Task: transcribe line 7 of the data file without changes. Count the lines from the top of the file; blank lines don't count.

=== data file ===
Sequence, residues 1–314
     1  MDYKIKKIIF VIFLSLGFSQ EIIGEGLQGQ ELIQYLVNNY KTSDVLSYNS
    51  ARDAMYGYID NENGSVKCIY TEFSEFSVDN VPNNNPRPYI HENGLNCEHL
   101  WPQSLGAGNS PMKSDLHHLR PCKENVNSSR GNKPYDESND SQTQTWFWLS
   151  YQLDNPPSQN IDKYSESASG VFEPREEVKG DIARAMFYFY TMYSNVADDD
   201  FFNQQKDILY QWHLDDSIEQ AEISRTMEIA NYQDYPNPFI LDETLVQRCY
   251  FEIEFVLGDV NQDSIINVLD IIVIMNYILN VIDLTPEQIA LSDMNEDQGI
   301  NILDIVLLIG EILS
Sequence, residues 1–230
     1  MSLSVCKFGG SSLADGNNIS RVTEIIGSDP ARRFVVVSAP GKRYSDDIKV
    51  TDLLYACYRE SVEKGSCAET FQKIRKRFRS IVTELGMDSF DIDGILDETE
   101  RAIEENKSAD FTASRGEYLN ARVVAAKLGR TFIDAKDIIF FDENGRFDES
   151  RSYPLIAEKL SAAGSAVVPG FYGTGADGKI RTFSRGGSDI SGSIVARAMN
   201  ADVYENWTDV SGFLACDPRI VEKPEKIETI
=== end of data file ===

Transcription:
   251  FEIEFVLGDV NQDSIINVLD IIVIMNYILN VIDLTPEQIA LSDMNEDQGI